Desert Comfort: Next-Gen HVAC and Indoor Air Quality

A more efficient conditioned air distribution system optimizes zoned heating, cooling, and fresh-air ventilation equipment for ideal indoor comfort
Desert Comfort
Desert Comfort: Next-Gen HVAC and Indoor Air Quality

When the Desert Comfort Experience Home’s design/build team set a net-zero energy use goal for the 3,000-square-foot custom home located near Scottsdale, Ariz., it was critical to optimize the HVAC system for the home’s highly insulated, airtight thermal shell.

“When we improve building performance, we often have a problem properly sizing the HVAC systems because many of them aren’t available small enough,” says Mark LaLiberte, founder of Construction Instruction, the Denver-based building science consultancy that is overseeing the project. A house of comparable size built to code minimum, he points out, would typically require a 4- to 5-ton HVAC system.

Instead, LaLiberte chose a Mitsubishi Electric 3.5-ton variable refrigerant flow (VRF) zone-controlled heat pump system to provide space heating and cooling. The system, including an outdoor compressor and centrally located air handler, can modulate how much conditioned air it delivers to each zone, based on demand, so it only uses as much energy as needed. The system also uses carbon dioxide refrigerant to reduce its environmental impact even more.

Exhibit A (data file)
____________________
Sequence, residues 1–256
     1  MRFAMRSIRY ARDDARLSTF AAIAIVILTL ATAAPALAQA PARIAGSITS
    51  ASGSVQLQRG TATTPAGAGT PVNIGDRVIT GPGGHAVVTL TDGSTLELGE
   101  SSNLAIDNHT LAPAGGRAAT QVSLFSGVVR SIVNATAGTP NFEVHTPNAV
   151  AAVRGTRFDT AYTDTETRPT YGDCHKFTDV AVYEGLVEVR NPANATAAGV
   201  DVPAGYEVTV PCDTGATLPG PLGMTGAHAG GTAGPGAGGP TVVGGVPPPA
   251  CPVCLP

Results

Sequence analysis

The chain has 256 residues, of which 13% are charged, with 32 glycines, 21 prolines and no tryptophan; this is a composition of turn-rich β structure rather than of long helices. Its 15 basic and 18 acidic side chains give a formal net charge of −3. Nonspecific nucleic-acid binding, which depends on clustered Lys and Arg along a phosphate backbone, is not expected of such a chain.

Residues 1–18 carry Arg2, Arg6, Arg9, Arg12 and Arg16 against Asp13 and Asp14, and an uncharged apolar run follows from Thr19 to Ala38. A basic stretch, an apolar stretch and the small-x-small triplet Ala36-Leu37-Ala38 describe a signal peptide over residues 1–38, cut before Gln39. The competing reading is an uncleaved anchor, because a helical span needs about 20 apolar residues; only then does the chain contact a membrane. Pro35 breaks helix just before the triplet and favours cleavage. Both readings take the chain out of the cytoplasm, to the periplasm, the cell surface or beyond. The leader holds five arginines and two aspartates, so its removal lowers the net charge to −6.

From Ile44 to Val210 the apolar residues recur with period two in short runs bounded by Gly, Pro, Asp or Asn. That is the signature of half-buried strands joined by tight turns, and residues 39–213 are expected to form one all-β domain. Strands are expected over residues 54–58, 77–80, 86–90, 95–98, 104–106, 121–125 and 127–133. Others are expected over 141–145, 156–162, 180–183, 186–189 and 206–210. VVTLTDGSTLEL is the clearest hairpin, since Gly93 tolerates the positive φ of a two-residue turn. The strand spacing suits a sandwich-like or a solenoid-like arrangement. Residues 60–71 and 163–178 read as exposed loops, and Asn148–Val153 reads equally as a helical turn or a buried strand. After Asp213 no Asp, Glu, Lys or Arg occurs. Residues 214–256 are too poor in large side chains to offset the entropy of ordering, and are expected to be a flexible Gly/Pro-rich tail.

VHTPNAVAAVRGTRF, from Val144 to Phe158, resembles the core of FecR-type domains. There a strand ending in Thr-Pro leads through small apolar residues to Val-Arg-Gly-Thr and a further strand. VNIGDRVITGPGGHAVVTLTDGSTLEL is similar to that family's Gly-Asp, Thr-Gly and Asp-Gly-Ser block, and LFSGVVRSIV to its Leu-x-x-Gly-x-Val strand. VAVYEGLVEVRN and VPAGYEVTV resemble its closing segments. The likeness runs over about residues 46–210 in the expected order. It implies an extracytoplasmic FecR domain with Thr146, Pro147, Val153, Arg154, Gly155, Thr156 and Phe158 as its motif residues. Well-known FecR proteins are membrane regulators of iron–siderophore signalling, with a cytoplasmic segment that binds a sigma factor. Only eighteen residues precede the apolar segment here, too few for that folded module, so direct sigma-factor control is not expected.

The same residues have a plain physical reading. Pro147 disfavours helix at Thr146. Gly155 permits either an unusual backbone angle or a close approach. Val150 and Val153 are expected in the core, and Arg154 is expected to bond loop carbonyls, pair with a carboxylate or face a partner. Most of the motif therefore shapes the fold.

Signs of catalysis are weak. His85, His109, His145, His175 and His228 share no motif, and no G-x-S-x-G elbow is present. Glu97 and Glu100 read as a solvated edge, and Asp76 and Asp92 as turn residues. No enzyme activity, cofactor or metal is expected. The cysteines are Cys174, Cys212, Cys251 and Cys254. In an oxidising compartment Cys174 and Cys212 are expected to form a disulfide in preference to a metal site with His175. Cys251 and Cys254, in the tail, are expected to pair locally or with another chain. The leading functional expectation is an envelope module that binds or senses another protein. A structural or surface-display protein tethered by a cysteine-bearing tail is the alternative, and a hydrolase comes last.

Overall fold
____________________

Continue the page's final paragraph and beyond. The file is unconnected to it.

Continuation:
For the home's detached casita, the team used wall-mounted units to distribute conditioned air (see photo, above), but to further optimize the Mitsubishi system in the main house, they installed an innovative “plug-and-play” network of 3-inch-diameter flexible duct runs that originate from a central manifold in each of the home’s three main zones. The ducts run through the roof truss system, within conditioned space, each terminating with a 6-inch diffuser in the ceiling (see photo, below). The number of ducts and diffusers is determined by room size. The primary suite bedroom, for instance, is served by three ducts, while the walk-in closet has just one.

The duct system also distributes fresh air from Broan’s energy recovery ventilator (ERV; see photo, below), a vital component of the home’s indoor air quality (IAQ) strategy. ERVs use a heat exchanger to efficiently condition incoming fresh air while they exhaust stale air and help maintain optimum relative humidity for the living spaces, operating even when the heat pump is not.

“In Arizona, there are many days when there’s no active heating or cooling,” LaLiberte says. “But because we’re all ‘continuous breathers,’ it’s a good idea to have continuous fresh air.”

Both the Broan ERV and the central air handler feature HEPA filtration to keep pollutants out of the indoor air. The home also includes strategies to reduce or eliminate harmful chemicals and unwanted moisture, from the slab on through the home’s insulated concrete form (ICF) thermal shell. “The ICF system really reduces dust infiltration into the living space, which is a big problem in Arizona,” says builder Brad Leavitt, president of A Finer Touch Construction, in Scottsdale.

Pollutant source control inside also is a key part of the home’s IAQ strategy. The team specified materials and products that do not emit toxins, from the glue used to attach the wood flooring, to the low-VOC interior wall paint. There’s also no carpeting or laminate flooring, which can off-gas formaldehyde and other pollutants.


By Andrew Hunt  October 2, 2022